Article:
Lexical stress in a non-native language
In a collaboration with Linda Wheeldon, Allison Wetterlin and Megan Crowhurst we are investigating the effects of markedness in lexical stress patterns on the learning of lexical stress systems in a non-native language. We aim to compare speakers of English, Spanish and Norwegian.
Fitness, ageing and bilingualism
We are currently developing a project where Linda Wheeldon, Katrien Segaert, Allison Wetterlin, Hilde Lohne Seiler and Sveinung Berntsen Stølevik will investigate the effects of bilingualism and fitness on language processing in healthy ageing. The project is titled Fitness, Ageing and Bilingualism (FAB): The benefits of regular physical activity and bilingualism for language abilities in healthy ageing.
Representation, processing and articulatory proficiency in English as a second language – PhD project 2018-2020
Malin Mangersnes’ PhD project is supervised by Allison Wetterlin and Linda Wheeldon. This project investigates bilingual word production and language representation. The aim is to relate aspects of first and second language proficiency to experimental measures of language control. The experimental measures include speeded word production and language switching tasks. In addition, objective first and second language proficiency measures are collected along with questionnaire based self-reported proficiency and bilingual profile data. The experimental tasks will be completed in both the speakers’ native language, Norwegian, and their second language, English.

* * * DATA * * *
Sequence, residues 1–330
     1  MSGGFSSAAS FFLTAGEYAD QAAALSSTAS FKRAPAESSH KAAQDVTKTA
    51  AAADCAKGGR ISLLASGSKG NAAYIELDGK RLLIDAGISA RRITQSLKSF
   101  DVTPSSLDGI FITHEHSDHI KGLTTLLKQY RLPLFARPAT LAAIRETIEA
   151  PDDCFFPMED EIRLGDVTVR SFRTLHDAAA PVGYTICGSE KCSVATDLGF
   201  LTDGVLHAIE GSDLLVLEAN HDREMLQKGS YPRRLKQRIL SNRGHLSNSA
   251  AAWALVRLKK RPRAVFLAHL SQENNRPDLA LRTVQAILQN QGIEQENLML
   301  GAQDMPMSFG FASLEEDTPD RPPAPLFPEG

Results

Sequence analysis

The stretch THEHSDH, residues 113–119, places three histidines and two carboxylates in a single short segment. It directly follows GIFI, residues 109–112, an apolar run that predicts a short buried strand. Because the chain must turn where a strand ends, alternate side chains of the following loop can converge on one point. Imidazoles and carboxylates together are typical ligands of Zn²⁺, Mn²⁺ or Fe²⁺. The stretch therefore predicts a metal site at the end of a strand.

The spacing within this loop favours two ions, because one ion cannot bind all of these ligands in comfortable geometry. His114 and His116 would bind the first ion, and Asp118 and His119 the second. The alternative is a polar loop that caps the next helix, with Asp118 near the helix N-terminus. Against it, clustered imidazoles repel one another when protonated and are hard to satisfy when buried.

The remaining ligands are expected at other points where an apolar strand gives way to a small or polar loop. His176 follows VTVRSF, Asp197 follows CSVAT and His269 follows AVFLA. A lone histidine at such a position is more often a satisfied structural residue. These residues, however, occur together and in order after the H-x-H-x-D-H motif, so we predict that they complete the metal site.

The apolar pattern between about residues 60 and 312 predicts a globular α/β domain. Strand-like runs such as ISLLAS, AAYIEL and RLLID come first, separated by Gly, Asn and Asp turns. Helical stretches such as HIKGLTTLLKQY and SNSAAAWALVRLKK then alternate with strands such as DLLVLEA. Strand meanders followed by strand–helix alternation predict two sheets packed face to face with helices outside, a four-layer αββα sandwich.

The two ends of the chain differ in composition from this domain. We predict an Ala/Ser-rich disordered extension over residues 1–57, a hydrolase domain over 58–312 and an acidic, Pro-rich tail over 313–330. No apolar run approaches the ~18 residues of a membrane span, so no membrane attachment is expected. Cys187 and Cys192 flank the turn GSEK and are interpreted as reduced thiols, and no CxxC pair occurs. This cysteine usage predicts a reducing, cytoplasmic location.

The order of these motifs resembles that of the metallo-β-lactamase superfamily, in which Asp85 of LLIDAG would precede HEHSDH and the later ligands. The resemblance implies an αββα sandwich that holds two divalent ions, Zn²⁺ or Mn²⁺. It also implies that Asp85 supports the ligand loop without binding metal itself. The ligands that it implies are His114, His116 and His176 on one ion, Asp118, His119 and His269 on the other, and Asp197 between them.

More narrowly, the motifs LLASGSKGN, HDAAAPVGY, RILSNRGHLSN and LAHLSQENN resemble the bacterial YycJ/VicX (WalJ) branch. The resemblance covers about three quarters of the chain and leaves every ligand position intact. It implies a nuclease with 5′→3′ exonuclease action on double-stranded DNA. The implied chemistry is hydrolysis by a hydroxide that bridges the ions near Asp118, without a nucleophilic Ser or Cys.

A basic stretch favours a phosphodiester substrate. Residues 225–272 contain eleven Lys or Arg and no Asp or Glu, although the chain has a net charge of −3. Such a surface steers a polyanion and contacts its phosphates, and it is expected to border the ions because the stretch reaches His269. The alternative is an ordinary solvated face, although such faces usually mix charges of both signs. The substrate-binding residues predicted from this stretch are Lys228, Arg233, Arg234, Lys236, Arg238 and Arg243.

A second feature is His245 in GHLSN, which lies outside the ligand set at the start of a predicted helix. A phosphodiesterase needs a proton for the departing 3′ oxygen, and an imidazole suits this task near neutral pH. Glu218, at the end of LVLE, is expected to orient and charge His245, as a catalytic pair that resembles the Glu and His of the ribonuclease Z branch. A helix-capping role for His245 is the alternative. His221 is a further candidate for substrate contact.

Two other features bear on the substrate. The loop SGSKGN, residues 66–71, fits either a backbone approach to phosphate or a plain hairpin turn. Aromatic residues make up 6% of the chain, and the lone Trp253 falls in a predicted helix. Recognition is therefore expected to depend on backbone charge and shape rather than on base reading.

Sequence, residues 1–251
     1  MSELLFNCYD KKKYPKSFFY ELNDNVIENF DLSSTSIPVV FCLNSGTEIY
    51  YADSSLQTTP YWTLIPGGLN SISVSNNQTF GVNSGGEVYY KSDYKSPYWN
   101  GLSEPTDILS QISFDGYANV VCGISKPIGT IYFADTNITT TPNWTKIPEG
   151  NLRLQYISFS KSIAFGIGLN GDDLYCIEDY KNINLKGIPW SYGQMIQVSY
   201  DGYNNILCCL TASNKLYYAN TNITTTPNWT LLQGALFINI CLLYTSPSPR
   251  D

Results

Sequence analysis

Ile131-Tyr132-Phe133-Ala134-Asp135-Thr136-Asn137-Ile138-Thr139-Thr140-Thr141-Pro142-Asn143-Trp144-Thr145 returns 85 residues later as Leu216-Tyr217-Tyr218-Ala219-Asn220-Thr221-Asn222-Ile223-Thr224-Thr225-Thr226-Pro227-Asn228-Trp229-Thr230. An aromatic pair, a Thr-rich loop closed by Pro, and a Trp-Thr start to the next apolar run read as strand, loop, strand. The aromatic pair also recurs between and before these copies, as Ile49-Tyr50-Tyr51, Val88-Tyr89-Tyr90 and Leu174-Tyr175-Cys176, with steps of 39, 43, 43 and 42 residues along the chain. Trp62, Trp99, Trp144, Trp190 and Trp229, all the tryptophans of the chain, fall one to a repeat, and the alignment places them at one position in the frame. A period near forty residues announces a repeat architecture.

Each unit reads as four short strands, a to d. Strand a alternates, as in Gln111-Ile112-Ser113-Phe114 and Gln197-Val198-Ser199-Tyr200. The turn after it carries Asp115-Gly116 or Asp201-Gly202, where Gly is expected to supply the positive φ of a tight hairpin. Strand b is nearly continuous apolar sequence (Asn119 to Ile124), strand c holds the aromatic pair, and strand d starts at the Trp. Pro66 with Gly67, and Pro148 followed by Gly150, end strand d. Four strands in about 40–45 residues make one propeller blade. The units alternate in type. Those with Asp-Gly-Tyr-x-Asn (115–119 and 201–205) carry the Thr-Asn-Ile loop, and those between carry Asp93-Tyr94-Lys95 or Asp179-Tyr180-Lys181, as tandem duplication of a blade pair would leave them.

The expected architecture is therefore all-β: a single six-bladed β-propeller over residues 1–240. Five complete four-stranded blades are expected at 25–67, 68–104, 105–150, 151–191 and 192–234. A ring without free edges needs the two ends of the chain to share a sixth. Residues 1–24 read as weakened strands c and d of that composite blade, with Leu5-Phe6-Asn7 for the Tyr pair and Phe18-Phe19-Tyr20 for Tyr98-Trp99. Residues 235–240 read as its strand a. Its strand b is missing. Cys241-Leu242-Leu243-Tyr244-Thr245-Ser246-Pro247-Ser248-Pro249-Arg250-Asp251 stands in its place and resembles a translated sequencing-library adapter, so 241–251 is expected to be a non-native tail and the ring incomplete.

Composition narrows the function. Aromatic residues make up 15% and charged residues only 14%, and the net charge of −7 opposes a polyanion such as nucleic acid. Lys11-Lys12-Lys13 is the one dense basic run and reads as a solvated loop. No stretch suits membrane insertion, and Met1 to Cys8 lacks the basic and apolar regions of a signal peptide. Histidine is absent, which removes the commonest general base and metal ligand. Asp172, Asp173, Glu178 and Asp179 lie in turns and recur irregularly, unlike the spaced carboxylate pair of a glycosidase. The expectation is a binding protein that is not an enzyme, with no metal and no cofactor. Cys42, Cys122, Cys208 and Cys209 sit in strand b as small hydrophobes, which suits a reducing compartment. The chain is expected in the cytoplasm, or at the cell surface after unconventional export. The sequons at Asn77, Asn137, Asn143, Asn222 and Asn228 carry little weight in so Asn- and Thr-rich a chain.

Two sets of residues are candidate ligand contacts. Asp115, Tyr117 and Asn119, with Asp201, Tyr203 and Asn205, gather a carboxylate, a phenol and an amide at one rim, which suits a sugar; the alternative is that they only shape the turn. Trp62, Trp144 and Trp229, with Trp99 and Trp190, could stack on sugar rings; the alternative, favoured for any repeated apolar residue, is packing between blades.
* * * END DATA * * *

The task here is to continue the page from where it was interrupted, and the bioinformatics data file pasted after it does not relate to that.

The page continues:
Effects of bilingual profile on word retrieval and sentence planning – Master projects 18/19
This project is designed to relate aspects of bilingual profile and vocabulary to first and second language word and sentence production. Bilinguals experience more tip-of-the-tongue (TOT) states than monolinguals. However, it is not known if this is caused in part by access of representations from both of bilinguals’ languages occurring led frequently than for monolinguals (frequency lag hypothesis), or dual-language activation causing competition between lexical representations in both languages. Bilinguals differ in how they use their languages and in their L1 and L2 proficiency. This project will elicit ToTs in the L1 and L2 of Norwegian-English bilinguals and relate them to aspects of bilingual language use and proficiency. In addition, a picture description experiment will be run to elicit spoken sentences L2 English. The word finding and sentence planning data will also be related to the results of a vocabulary tests and the bilingual profile questionnaire.
Linda Wheeldon, Katrien Segaert and Allison Wetterlin designed these master projects to investigate the effects of bilingual profile on word retrieval and sentence planning. A Birmingham PhD student (Sophie Hardy) helped develop these studies with current UiA Masters students Mikael Andre Albrecht, Susanne Mollestad Avila and Lone Sunnset.
The relationship between self-rated accent proficiency and bilingual profile on objective measures of language proficiency and reading processes – Master projects 17/18
This project investigated the second language English (L2) proficiency of Native speakers of Norwegian (L1). The research involved a questionnaire study with the aim of eliciting detailed language proficiency ratings and relating them to objective tests of L2 English proficiency. Ratings of accent proficiency were related to tests of phonological and spelling ability as well as English language comprehension. In addition, a sentence reading experiment was run to collect eye-tracking data from the silent reading English sentences by native Norwegian speakers. The aim of this experiment was to determine the persistence of word-form information during L2 reading and its relationship to L2 language proficiency.
The projects were designed by Linda Wheeldon, Allison Wetterlin and Steven Frisson and the research was conducted by UiA MA students Beatrice Zitong Urland, Bjørn Handeland and Dag Haugland. Further data is being collected to complete this data set.